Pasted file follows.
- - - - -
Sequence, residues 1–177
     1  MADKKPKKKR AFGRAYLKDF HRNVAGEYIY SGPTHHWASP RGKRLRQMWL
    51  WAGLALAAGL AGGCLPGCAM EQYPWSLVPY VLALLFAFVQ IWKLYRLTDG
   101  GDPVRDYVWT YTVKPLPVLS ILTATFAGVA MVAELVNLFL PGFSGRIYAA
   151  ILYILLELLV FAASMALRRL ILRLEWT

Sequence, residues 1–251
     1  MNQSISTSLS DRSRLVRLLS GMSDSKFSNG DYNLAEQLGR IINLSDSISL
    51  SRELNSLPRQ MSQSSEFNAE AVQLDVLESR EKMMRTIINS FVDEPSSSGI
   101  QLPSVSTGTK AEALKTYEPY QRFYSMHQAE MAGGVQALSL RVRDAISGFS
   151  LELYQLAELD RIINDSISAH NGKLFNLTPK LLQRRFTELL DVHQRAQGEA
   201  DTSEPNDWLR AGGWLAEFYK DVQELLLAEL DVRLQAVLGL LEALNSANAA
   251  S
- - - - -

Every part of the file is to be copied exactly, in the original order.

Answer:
Sequence, residues 1–177
     1  MADKKPKKKR AFGRAYLKDF HRNVAGEYIY SGPTHHWASP RGKRLRQMWL
    51  WAGLALAAGL AGGCLPGCAM EQYPWSLVPY VLALLFAFVQ IWKLYRLTDG
   101  GDPVRDYVWT YTVKPLPVLS ILTATFAGVA MVAELVNLFL PGFSGRIYAA
   151  ILYILLELLV FAASMALRRL ILRLEWT

Sequence, residues 1–251
     1  MNQSISTSLS DRSRLVRLLS GMSDSKFSNG DYNLAEQLGR IINLSDSISL
    51  SRELNSLPRQ MSQSSEFNAE AVQLDVLESR EKMMRTIINS FVDEPSSSGI
   101  QLPSVSTGTK AEALKTYEPY QRFYSMHQAE MAGGVQALSL RVRDAISGFS
   151  LELYQLAELD RIINDSISAH NGKLFNLTPK LLQRRFTELL DVHQRAQGEA
   201  DTSEPNDWLR AGGWLAEFYK DVQELLLAEL DVRLQAVLGL LEALNSANAA
   251  S